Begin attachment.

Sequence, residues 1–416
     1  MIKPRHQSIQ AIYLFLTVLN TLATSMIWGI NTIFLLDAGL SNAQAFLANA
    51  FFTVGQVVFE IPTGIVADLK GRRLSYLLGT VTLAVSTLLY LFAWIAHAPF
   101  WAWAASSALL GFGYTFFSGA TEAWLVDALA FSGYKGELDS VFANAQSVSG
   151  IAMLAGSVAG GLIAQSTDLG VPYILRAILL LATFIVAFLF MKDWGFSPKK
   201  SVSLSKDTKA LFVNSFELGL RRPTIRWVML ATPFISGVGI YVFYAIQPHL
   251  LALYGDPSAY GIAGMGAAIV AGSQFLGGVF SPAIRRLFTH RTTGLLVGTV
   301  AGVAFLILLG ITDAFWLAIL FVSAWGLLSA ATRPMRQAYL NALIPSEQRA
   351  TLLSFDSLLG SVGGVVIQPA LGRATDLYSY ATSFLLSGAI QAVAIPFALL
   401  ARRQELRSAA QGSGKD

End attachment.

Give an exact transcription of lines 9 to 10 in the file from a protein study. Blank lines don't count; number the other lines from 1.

   351  TLLSFDSLLG SVGGVVIQPA LGRATDLYSY ATSFLLSGAI QAVAIPFALL
   401  ARRQELRSAA QGSGKD